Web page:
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Catholic Courier. (Rochester, N.Y.) 1989-current, February 16, 1989, Image 8

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Persistent link: http://nyshistoricnewspapers.org/lccn/np00020006/1989-02-16/ed-1/seq-8/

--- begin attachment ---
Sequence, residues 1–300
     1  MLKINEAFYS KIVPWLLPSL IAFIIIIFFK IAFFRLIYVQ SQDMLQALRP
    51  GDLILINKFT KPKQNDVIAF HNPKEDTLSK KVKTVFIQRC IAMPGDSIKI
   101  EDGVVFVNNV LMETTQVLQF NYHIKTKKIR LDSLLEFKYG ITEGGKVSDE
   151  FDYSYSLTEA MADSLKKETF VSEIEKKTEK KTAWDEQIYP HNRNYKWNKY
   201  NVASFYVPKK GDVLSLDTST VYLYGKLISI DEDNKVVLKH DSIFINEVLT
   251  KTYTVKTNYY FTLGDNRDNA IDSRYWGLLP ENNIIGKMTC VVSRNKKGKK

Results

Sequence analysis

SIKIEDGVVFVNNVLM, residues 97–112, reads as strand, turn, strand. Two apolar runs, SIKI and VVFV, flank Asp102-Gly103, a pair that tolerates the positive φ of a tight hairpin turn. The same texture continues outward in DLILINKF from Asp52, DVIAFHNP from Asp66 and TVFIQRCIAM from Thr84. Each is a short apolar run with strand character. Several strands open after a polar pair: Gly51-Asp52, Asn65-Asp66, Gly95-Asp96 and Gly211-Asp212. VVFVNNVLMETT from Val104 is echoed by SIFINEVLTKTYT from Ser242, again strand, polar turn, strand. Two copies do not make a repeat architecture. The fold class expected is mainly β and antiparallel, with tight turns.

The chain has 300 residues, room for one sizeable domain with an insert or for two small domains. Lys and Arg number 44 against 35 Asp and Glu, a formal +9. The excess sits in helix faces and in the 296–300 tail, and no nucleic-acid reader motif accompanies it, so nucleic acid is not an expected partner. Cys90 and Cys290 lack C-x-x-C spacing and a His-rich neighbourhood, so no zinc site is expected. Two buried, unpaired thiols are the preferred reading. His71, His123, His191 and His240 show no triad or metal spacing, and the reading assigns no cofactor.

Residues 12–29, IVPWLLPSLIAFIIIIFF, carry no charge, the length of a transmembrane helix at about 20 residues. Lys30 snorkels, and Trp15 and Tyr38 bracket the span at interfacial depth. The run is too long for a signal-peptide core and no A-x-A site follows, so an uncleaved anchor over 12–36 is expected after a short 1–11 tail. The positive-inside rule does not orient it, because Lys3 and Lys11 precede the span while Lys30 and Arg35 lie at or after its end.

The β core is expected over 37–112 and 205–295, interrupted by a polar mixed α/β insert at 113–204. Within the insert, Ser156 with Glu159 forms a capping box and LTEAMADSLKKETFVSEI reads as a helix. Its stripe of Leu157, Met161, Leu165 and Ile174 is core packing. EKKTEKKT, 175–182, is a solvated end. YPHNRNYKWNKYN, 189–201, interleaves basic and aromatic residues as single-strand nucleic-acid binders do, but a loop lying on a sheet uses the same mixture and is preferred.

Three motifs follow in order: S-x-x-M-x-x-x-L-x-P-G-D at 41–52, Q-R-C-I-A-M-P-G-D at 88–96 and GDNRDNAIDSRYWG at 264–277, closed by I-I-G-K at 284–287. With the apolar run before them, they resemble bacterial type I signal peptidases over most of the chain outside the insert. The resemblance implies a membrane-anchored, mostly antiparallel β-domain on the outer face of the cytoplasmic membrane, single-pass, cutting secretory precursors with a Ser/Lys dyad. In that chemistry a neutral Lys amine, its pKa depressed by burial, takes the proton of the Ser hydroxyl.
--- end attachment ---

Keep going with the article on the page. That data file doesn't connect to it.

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outh T\ Inaugural events excite By Rob Cullivan Staff writer ELMJJRA — If Vice President Dan Quayle ever needs a break from journalists questioning his abilities, he need only pick up his phone and call Notre Dame High School senior Maura Rurak. —-^'1 think he's gotten a really bad rap,\ Rurak remarked. \If he didn*t think he could do^the job, I don't dunk he'd be there,^., ~ Rural speaks from first-hand knowledge of Quayle, and his boss, President George Bush. She heard bom men speak at one of several functions she attended during the three-day Youth Inaugural Conference in Washington, D.C., Jan. 18-20. The conference was sponsored by the Congressional Youth Leadership Council, a private, Washington-based educational organization mat brings outstanding youths to the nation's capital and gives mem \hands-on\ civic experience. During her stay, Rurak met journalists, members of Congress and various sports and enter- tainment celebrities. She was a prime candidate for the con- ference. In her spare time, she chairs me V -Chemung County Youth Council, a panel of 20 representatives from five area high schools who organize an annual one-day conference on youth issues. Rurak is trea- surer of Notre Dame's student council, serves as the youngest member of the Chemung County Red Cross Board of Di- rectors, and works to find youth programs worthy of county funding as a member of . me Chemung County Youth Bureau Board. WF SPEAKING OUT Notre Dame's principal, Sister Mary Walter Hickey, recommended Rurak to the Congressional Youth Leadership Council, which informed the excited student she would bje headed to Washington to hear her favored! candidate, -George Bush, speak, at his inauguration. \I was happy mat Bush won,\ jshe said. \I believe in what he stands for.\ Bush's anti-abortion and pro-defense stances |coincide with Rurak's conservat- ism, a strait she attributes to family in- fluence! \My parents are strict Republi- cans,\ she noted. \They've always voted Republican.\ She'M miss one Republican — former President Ronald Reagan — and the for-, eign policy he ordained. \I like how he bombed (Libyan leader Muammar) Gad- dafi ... jl think that he had to be taught a lesson,']'she said. Rurak learned more benign lessons dur- ing the 'conference in Washington. During a visit to a meeting of the National Press Club, one of her fellow conferees asked if ABC News correspondent Sam Donaldson had a personal grudge against Reagan. The panel of speakers responded that when Donaldson shouted questions to Reagan over the noise of die presidential helicop- ter, he iwas simply doing his journalistic duty. But Rurak didn't agree. \It doesn't matter who is president of the Unitjed States. I wouldn't yell at him,\ she said. Yet, she might yell one figure from the Reagan era — Marine Lieutenant Colonel Oliver North, whom she saw tes- tify before Congress while visiting Wa- shington with her family during the 1987 ban-Contra hearings. Continued on page 12 By Nazar&th Academy can:ffpy«/invi _ peopler'A college degree can be die ticket to a wealth of jobs arcl ^b|ipTrcnuutiesv Catholic high schools need to make more of an effort to provide a solid college pre- paratory curriculum. This effort should in- clude more stringent course requirements, ' increased quality x of guidance facilities and closer interaction between students and administrators. ^^^S5^^^^3^^13»e current Regents curriculum does not *\\\ \ i the average^Sbidefit isith enough Under this pn^j^|* .s^udentys uate if he pr^^a|ta«is igraae nt of higher, completes three years of math and science and four years of Kglfsriand history. A student could easily maintain^a, 67-percent average in these courses and gauVa Regents diploma and a false sense of security. Should our Catholic schools be satisfied with complacency? Will the student with a 67 average be able to benefit from, or even Continued'on page 12 ST. FRANGISOTIPREP SPRING GROVE. PENNSYLVANIA 17362 (717) 225:5715 ESTABLISHED 1847 THE PREP PROMISE: Academic Achievement andBsrsond Growth •Conducted by the Franciscans' •Excellent sports/activities •Boarding/day students •98% College Acceptance •Supen%&d Studyytomputers •English as a second language St. Francis Prep provides an atmosphere of educational support in a Christian environment to help your son achieve his fullest potential. Boys grades 9-12 and Post-Graduate. Call or write for information: Mr. Patrick R. Tansill, Director of Admissions [ St. Ffancis Prep School, Box C, Spring Grove,'PA 17362 (717)225-5715 8 Linda D aw Hayes/Catholic Courier memorabilia she ac- Notre Dame senior Maura Rurak displays some of the quired at President Bush's inauguration in Washington, D.C DeSales High School Should New York state legalize the death penalty for murder? SHANNON HARVEY, sophomore: I^tijnk New York shouldn't legalize the deat&pehalty. It isn'trighttoldU someone. Ttejfptnay have killed someonet fiutjbeing in*pnsonnlost of your Tifels purrahinent enough. There is enough killing in this state. ADRIANNA POLON, senior: I am not in favor of having die death penalty reinstated in New York state. I do not believe that two wrongs make a right. How can a death penalty be justified if the punishment is the same as the crime com- mitted? How can man have the power to choose life or death for his fellow man, when only God has the right to make the choice? All those guilty who were executed in the past do not make up for even one per- son unjustly accused and executed. Once he is dead, a man cannot be brought back to life, nor can he be useful to mankind. A man who is alive can do much good for others. Those men in prison can be put to work that will benefit society and, at the same time, their lives will be spared. AS TEENS TONY URWIN, fresh nan: Yes, the death penalty should be enfor- ced. New York state is running out of jail space for our convicted inmates. Further- more, most of the inmates were put in jail for either homicide or murder. It's these criminals that should receive the sentence of death. For taking another life, that per- son should receive dealt because that per- son doesn't deserve to live. DAVID BARNARD, junior: I feel the answer should come from an economic and political point of view be- cause it costs money that contain life prisoners. Killers don't worry about going to prison for life — it is an easy way out. If you put the fear of the death penalty in their minds, they won't be as willing to do what they did. It is obvious that you must review' die cases because some should be dealt with before others. * *************** *••*•***•***••****** *** * HOUSE OF GUITARS Most New Album And Tape Releases Just $5198 CD's From $8.98 • $11.98 Each We received 16 correct entries identifying Jim Croce as-the singer that recorded Time in a Bottle.\ The winner was Patrick of Manchester MUSIC TRIVIA Coffey This week's question: Who made the 1972 song, \Vincent\, a Top 40 hit? Name Address. City Zip Code_ School Rules: Each week, the Courier-Journal, in conjunction with the House of Guitars will feature a Music Trivia contest. All you have to do to enter is answer the question, 611 in your name and address and the school you attend (if applicable), cut out the coupon, and send it in to the Courier-Journal. If more than one correct entry is received, a drawing wUi be held and one. winning entry will be drawn. If yours is the winning entry, you will be mailed a coupon far a free album or tape of your choice redeemable at (he House of Guitars. 645 Titus Ave. All entries must be received within seven days of this papers issue date. Winning names and answers wOt be printed the week foUoaing each drawing. . * * * + * * State. The Courier-Journal Music Trivia 1150 Buffalo Rd. Rochester! NY 14624 J Catholic Courier